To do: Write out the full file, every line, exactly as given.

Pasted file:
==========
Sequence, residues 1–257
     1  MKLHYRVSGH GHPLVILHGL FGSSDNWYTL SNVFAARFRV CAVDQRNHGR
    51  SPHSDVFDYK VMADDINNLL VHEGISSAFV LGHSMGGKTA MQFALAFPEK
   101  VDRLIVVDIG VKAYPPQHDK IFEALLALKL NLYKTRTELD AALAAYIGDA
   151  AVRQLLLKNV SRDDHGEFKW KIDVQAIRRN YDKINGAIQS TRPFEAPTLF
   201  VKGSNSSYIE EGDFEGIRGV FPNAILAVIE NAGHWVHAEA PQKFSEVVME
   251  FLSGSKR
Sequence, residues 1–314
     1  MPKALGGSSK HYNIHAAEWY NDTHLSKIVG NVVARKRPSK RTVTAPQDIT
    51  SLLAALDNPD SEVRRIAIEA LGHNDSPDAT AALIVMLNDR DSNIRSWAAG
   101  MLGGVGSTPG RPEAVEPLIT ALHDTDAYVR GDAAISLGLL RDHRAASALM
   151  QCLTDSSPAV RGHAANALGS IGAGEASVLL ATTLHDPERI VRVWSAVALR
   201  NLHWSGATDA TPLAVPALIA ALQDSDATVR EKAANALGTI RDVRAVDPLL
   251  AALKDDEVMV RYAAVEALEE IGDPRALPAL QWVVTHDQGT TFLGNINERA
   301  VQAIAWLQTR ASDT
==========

Sequence, residues 1–257
     1  MKLHYRVSGH GHPLVILHGL FGSSDNWYTL SNVFAARFRV CAVDQRNHGR
    51  SPHSDVFDYK VMADDINNLL VHEGISSAFV LGHSMGGKTA MQFALAFPEK
   101  VDRLIVVDIG VKAYPPQHDK IFEALLALKL NLYKTRTELD AALAAYIGDA
   151  AVRQLLLKNV SRDDHGEFKW KIDVQAIRRN YDKINGAIQS TRPFEAPTLF
   201  VKGSNSSYIE EGDFEGIRGV FPNAILAVIE NAGHWVHAEA PQKFSEVVME
   251  FLSGSKR
Sequence, residues 1–314
     1  MPKALGGSSK HYNIHAAEWY NDTHLSKIVG NVVARKRPSK RTVTAPQDIT
    51  SLLAALDNPD SEVRRIAIEA LGHNDSPDAT AALIVMLNDR DSNIRSWAAG
   101  MLGGVGSTPG RPEAVEPLIT ALHDTDAYVR GDAAISLGLL RDHRAASALM
   151  QCLTDSSPAV RGHAANALGS IGAGEASVLL ATTLHDPERI VRVWSAVALR
   201  NLHWSGATDA TPLAVPALIA ALQDSDATVR EKAANALGTI RDVRAVDPLL
   251  AALKDDEVMV RYAAVEALEE IGDPRALPAL QWVVTHDQGT TFLGNINERA
   301  VQAIAWLQTR ASDT